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ARS Home » Southeast Area » Athens, Georgia » U.S. National Poultry Research Center » ESQRU » Research » Publications at this Location » Publication #362932

Research Project: Evaluation of Management of Laying Hens and Housing Systems to Control Salmonella and Other Pathogenic Infections, Egg Contamination, and Product Quality

Location: ESQRU

Title: Impact of northern fowl mites on cage-free layer performance from 17 to 48 weeks of age

Author
item JARRETT, RACHEL - Purdue University
item ERASMUS, MARISSA - Purdue University
item Jones, Deana
item VAN DE WATER, KAILYNN - Purdue University
item MURILLO, AMY - University Of California, Davis
item KARCHER, DARRIN - Purdue University

Submitted to: Poultry Science Association Meeting Abstract
Publication Type: Abstract Only
Publication Acceptance Date: 5/30/2019
Publication Date: 7/15/2019
Citation: Jarrett, R.A., Erasmus, M.A., Jones, D.R., Van De Water, K., Murillo, A.C., Karcher, D.M. 2019. Impact of northern fowl mites on cage-free layer performance from 17 to 48 weeks of age. Poultry Science Association Meeting Abstract. 98(1):125.

Interpretive Summary: The northern fowl mite (Ornithonyssus sylvarium) is an obligate blood-feeding ectoparasite of poultry that can cause decreased egg production, profit loss, anemia, irritation to flocks and personnel, and death to hens in extreme cases. The present study aimed to investigate the effects of the northern fowl mite (NFM) on laying hen performance and welfare quality between the ages of 17 and 48 weeks. 800 Tetra brown hens (n=200 per room) were housed in four cage-free rooms at the Purdue University Poultry Unit. Two rooms were infested with NFM and two rooms served as controls. NFM initial infestation occurred at 24 weeks on 2% (4 hens) in each of the NFM rooms. Since no NFM were present, a second infestation on 2% of hens occurred at 35 weeks on 2% of hens. A final attempt to infest with NFM occurred at 41 weeks with all hens in NFM rooms being infested. Egg production and mortality were recorded daily and case weights were recorded weekly. Monthly Welfare Quality® assessments were taken, as well as monthly mite counts on all birds beginning at 28 weeks. Mite checks were conducted periodically on 25% (50 hens) in all rooms between weeks 25 and 38. Data were analyzed in SAS® using the Glimmix procedure and all significant statistical differences were reported at p < 0.05. Regardless of treatment, mortality increased dramatically after 21 weeks, leading to a loss of 473 hens by week 48. Case weights and egg production increased over time. NFM hen day peaked in-line with the Tetra management guide at 28 weeks but was approximately 1% lower and control hen day peaked 3 weeks later but was 3% higher. At 38 weeks of age, case weights in NFM rooms were approximately 4.63 kg higher than in control rooms (p<0.05). The NFM population spiked shortly after infestation at 28 weeks and again at 36 weeks (1-10 mites/bird). From 28 weeks on, 60% of birds received an overall feather score of 2 during Welfare Quality® assessments, meaning that feathers were missing in at least one area of 5 cm or greater. This was due to pecking behaviors in all four rooms. There was no correlation between feathering and NFM (p>0.05). Cannibalism and pecking in both treatments led to feather loss, high mortality, low NFM populations, and likely impacted production parameters.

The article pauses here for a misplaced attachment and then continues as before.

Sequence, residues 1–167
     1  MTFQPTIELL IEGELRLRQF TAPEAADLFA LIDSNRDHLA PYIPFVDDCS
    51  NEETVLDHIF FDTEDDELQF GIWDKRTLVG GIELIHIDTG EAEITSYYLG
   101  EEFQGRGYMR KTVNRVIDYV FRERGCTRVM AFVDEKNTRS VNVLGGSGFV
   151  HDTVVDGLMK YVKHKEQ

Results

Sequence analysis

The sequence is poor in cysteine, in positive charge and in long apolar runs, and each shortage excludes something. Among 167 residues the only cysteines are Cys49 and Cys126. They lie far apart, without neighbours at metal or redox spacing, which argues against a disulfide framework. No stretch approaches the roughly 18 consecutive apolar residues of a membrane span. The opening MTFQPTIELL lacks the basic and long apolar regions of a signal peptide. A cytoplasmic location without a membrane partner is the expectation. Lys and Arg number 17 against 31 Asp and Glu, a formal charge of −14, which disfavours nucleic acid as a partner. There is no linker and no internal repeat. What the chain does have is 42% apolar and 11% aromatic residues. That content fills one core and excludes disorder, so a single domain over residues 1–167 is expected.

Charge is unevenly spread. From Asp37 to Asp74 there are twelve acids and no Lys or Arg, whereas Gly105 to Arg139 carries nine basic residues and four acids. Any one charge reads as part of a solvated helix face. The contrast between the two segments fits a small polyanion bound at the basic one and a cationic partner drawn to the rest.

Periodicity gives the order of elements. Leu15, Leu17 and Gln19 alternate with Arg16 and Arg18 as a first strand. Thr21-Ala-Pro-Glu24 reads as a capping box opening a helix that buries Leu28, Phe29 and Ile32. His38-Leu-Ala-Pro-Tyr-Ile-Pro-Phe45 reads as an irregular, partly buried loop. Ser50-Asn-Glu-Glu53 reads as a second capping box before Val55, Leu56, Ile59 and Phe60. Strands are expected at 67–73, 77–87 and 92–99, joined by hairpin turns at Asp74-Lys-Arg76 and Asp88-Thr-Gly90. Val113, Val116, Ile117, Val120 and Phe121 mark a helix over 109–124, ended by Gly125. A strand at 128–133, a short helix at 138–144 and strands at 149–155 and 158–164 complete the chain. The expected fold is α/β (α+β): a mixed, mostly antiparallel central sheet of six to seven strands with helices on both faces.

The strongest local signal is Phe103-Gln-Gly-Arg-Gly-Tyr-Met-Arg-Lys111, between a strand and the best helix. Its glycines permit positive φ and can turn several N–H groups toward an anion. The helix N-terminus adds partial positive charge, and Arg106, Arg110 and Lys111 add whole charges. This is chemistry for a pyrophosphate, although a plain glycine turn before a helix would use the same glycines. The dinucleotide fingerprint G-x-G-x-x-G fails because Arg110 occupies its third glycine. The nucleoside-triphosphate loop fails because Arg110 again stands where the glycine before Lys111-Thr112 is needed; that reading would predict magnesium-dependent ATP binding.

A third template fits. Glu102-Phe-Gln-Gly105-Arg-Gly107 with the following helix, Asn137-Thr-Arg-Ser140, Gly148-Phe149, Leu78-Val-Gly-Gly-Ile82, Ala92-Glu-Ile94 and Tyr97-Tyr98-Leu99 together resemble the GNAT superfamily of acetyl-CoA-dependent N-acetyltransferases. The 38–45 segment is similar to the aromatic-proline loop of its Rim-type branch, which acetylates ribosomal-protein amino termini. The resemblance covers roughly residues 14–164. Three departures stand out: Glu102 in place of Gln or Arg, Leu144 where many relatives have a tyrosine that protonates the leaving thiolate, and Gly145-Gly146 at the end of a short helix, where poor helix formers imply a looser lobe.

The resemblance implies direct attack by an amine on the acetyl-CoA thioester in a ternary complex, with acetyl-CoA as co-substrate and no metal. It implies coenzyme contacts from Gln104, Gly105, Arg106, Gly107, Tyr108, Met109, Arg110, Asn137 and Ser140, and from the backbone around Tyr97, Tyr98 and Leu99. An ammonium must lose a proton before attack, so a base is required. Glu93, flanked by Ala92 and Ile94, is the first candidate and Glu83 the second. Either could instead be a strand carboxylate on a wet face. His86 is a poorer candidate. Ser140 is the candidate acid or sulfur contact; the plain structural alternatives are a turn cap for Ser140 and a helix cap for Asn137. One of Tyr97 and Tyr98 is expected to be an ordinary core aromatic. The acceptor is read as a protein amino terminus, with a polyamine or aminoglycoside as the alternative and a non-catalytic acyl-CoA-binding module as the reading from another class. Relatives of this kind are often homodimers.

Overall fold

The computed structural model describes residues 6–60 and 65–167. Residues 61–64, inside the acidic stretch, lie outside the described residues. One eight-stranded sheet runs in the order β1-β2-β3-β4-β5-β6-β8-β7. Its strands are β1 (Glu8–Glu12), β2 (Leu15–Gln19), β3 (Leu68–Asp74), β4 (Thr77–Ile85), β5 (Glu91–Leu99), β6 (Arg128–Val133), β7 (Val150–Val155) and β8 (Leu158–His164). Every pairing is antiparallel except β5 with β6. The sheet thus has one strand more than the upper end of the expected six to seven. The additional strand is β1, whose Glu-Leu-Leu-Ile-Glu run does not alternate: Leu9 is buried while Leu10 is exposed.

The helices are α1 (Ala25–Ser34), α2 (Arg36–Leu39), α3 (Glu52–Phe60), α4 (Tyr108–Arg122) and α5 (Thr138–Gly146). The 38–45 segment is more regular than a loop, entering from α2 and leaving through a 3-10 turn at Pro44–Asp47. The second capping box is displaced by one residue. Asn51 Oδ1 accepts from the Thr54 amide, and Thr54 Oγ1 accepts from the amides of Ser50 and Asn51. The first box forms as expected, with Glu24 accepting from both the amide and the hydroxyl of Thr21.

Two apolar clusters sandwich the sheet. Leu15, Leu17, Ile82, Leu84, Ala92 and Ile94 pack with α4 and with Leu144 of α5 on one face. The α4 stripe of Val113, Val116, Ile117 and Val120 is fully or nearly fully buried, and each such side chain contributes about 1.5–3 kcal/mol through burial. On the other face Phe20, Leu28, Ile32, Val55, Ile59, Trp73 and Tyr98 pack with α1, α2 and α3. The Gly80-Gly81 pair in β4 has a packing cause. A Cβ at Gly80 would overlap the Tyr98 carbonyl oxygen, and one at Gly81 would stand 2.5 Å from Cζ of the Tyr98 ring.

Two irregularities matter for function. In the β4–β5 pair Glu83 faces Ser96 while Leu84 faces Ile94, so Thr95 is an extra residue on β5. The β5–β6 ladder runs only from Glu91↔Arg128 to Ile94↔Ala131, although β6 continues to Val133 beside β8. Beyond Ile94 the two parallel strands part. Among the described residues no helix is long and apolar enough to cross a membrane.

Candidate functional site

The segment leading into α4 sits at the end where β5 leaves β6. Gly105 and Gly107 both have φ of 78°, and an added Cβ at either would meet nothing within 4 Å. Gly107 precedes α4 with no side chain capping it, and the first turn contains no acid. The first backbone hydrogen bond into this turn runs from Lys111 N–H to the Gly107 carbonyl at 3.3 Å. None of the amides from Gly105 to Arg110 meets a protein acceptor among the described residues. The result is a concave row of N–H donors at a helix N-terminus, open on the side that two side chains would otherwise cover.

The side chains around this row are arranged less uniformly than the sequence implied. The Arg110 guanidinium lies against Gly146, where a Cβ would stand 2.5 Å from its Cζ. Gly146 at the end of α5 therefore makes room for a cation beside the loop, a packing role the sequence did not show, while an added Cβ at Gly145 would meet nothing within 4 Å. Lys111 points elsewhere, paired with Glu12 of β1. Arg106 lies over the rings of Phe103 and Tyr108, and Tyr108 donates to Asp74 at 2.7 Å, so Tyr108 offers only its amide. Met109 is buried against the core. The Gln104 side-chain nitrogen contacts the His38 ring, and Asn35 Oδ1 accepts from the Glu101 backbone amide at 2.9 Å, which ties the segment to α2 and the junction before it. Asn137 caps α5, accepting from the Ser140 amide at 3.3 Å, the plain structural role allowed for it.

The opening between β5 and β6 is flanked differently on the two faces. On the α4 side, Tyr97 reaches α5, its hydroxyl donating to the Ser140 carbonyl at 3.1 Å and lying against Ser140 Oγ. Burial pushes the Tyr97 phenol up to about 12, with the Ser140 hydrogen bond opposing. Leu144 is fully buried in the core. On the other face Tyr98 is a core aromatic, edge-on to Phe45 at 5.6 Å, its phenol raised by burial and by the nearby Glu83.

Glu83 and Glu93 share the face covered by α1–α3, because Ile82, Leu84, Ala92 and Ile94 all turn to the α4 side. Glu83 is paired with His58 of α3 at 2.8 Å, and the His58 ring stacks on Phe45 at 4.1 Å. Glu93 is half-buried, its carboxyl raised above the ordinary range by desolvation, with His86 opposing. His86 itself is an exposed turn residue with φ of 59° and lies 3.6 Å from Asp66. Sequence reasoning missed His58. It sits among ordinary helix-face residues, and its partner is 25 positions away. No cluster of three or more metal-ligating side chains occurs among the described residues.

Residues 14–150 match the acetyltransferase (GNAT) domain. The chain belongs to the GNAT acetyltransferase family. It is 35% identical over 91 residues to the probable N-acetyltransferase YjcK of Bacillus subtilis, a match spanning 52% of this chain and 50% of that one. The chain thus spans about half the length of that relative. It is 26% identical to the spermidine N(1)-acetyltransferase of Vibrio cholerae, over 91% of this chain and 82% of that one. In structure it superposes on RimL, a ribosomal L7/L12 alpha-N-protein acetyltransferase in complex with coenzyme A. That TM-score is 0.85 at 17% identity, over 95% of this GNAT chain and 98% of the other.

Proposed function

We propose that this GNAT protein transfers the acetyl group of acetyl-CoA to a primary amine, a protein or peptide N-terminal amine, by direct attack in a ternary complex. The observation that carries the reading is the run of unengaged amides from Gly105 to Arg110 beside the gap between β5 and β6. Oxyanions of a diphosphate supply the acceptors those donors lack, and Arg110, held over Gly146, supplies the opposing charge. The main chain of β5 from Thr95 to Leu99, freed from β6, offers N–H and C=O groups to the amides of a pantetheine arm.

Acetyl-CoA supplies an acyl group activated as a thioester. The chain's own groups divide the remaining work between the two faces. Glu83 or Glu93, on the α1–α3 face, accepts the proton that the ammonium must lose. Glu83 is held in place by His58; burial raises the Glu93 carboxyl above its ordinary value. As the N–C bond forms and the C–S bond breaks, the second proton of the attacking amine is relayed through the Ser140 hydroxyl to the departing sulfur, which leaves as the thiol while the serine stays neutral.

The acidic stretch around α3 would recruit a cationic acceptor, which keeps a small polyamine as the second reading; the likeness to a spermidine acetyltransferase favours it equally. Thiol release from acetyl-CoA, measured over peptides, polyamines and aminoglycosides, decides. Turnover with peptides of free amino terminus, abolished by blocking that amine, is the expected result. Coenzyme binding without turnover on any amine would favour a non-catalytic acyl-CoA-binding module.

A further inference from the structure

Technical Abstract: The northern fowl mite (Ornithonyssus sylvarium) is an obligate blood-feeding ectoparasite of poultry that can cause decreased egg production, profit loss, anemia, irritation to flocks and personnel, and death to hens in extreme cases. The present study aimed to investigate the effects of the northern fowl mite (NFM) on laying hen performance and welfare quality between the ages of 17 and 48 weeks. 800 Tetra brown hens (n=200 per room) were housed in four cage-free rooms at the Purdue University Poultry Unit. Two rooms were infested with NFM and two rooms served as controls. NFM initial infestation occurred at 24 weeks on 2% (4 hens) in each of the NFM rooms. Since no NFM were present, a second infestation on 2% of hens occurred at 35 weeks on 2% of hens. A final attempt to infest with NFM occurred at 41 weeks with all hens in NFM rooms being infested. Egg production and mortality were recorded daily and case weights were recorded weekly. Monthly Welfare Quality® assessments were taken, as well as monthly mite counts on all birds beginning at 28 weeks. Mite checks were conducted periodically on 25% (50 hens) in all rooms between weeks 25 and 38. Data were analyzed in SAS® using the Glimmix procedure and all significant statistical differences were reported at p < 0.05. Regardless of treatment, mortality increased dramatically after 21 weeks, leading to a loss of 473 hens by week 48. Case weights and egg production increased over time. NFM hen day peaked in-line with the Tetra management guide at 28 weeks but was approximately 1% lower and control hen day peaked 3 weeks later but was 3% higher. At 38 weeks of age, case weights in NFM rooms were approximately 4.63 kg higher than in control rooms (p<0.05). The NFM population spiked shortly after infestation at 28 weeks and again at 36 weeks (1-10 mites/bird). From 28 weeks on, 60% of birds received an overall feather score of 2 during Welfare Quality® assessments, meaning that feathers were missing in at least one area of 5 cm or greater. This was due to pecking behaviors in all four rooms. There was no correlation between feathering and NFM (p>0.05). Cannibalism and pecking in both treatments led to feather loss, high mortality, low NFM populations, and likely impacted production parameters.